John Denver wasn't merely hot during the mid-'70s; he was omnipresent on radio, TV, and on-stage for anyone who'd have him. Certainly, few artists enjoyed more than one greatest-hits collection -- even if critics derided him as a granola-munching, tree-hugging folky who perennially smiled through life's hardships. But the reality of Denver's music is more complicated; behind the lush orchestration and gentle fingerpicking lies a more somber, contemplative side. In this respect, "Fly Away"'s lament about city pressures could be considered his answer to the Beatles' "Eleanor Rigby." "Like a Sad Song" and "I'm Sorry" apologize to forsaken lovers. "Looking for Space" takes a similar tack, although coupled with a yearning to explore the world outside yourself -- a theme that likely struck a chord in many listeners. Of course, Denver's ecological commitment is never far away in "Welcome to My Morning (Farewell Andromeda)" and "Calypso," his salute to the late French undersea explorer Jacques Costeau. "Annie's Song" goes further by explicitly linking nature and sensuality, while "Back Home Again" and "Grandma's Feather Bed" celebrate the pleasures of home and hearth. Anyone who's ever expressed themselves could relate to "This Old Guitar," on which Denver casts a wistful yet unsparing look at how the instrument influenced his life. As a snapshot of Denver's best-loved hits, this collection surely does the job.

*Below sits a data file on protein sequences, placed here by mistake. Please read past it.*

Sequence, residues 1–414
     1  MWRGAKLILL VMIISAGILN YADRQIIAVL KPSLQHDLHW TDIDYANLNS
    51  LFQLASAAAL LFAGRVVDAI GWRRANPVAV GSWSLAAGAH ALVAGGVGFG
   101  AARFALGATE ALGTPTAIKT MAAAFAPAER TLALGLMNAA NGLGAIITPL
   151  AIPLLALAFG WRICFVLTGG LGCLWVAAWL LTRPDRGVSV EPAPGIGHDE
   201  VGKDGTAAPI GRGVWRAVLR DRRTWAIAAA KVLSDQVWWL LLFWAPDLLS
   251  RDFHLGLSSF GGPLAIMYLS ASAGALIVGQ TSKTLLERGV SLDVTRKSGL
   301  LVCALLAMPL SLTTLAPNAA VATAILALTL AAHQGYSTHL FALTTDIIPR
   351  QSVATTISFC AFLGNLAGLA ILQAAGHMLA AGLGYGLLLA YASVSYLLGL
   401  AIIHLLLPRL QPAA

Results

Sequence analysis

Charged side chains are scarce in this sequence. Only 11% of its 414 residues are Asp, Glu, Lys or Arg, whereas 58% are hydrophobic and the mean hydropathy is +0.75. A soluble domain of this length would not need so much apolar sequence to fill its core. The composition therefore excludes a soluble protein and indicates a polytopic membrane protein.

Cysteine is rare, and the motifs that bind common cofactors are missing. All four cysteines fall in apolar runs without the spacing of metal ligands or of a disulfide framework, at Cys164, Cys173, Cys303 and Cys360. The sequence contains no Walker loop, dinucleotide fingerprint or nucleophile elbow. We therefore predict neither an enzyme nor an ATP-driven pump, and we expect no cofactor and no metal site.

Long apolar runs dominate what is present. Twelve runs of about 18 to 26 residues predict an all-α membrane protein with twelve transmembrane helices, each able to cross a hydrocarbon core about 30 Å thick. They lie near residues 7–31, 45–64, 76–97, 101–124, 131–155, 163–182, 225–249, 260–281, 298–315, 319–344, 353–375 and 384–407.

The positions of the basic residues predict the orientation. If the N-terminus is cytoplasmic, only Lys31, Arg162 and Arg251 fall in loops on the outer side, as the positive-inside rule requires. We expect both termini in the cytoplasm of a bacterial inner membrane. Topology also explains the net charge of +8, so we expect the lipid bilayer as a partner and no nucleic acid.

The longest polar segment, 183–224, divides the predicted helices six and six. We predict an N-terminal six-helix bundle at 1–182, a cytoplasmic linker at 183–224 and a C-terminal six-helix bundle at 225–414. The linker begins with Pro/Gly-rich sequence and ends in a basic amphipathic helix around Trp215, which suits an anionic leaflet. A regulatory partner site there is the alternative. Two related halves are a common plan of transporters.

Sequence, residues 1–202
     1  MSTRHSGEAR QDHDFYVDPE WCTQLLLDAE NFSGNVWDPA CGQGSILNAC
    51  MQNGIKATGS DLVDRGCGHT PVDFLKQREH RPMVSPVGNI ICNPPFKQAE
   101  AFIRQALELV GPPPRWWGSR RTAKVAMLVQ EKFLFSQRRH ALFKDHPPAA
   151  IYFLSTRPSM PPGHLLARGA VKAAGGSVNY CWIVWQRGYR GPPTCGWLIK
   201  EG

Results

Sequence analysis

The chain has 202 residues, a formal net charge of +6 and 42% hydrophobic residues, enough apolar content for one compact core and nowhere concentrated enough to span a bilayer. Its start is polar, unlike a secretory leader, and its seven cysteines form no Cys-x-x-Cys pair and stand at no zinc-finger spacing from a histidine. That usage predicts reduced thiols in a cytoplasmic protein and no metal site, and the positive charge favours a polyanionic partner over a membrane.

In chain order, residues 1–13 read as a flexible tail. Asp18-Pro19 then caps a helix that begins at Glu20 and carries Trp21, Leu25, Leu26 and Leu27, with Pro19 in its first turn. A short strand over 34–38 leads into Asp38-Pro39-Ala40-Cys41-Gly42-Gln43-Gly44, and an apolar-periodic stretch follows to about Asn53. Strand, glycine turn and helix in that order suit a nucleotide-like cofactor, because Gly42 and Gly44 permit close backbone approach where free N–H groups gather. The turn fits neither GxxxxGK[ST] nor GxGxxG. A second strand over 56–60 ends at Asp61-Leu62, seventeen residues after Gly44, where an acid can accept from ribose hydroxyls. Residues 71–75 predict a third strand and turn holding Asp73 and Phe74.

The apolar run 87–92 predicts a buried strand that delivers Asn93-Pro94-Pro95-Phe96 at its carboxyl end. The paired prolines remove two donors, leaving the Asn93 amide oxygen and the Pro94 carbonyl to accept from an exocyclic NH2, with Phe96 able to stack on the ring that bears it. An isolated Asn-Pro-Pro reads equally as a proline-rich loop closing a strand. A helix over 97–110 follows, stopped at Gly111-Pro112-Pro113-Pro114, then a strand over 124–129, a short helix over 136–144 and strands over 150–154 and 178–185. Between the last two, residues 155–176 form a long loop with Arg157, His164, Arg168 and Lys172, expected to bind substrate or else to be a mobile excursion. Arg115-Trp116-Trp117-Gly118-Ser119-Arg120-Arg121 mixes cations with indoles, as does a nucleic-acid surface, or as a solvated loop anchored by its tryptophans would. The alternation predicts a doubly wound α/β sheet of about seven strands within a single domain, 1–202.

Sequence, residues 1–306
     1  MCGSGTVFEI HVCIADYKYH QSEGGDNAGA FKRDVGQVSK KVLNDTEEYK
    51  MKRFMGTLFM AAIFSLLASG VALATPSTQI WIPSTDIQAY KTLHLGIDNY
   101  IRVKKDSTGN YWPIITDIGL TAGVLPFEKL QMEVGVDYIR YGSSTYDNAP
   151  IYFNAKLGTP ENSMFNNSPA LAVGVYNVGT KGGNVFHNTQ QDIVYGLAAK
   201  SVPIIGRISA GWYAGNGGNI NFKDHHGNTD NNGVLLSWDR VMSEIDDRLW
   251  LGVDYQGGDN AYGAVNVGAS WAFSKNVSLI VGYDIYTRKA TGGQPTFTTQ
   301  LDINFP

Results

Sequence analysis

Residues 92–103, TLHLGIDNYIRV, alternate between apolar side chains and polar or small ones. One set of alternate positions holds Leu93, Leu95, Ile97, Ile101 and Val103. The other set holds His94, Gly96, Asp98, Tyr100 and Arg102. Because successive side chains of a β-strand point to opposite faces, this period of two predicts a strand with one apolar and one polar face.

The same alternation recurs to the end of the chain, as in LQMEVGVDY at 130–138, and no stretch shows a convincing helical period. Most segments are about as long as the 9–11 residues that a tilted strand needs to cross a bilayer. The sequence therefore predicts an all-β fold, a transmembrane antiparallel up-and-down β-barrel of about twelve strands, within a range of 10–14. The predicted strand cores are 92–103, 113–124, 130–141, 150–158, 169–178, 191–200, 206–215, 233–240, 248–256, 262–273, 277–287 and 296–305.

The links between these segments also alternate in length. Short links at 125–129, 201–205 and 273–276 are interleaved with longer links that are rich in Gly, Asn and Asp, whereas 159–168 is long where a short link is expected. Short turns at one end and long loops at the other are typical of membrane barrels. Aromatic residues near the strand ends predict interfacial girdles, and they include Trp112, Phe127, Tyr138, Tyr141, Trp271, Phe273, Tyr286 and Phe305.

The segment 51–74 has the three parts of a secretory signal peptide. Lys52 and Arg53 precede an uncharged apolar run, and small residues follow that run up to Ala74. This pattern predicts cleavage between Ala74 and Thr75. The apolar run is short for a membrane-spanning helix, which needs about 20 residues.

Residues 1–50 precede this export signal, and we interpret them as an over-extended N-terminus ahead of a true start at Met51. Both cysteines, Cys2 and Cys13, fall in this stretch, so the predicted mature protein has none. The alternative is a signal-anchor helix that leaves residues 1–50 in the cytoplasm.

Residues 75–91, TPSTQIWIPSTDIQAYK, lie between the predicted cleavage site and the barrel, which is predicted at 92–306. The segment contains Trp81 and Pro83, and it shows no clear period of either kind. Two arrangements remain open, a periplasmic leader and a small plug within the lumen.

AllMusic Review by Ralph Heibutzki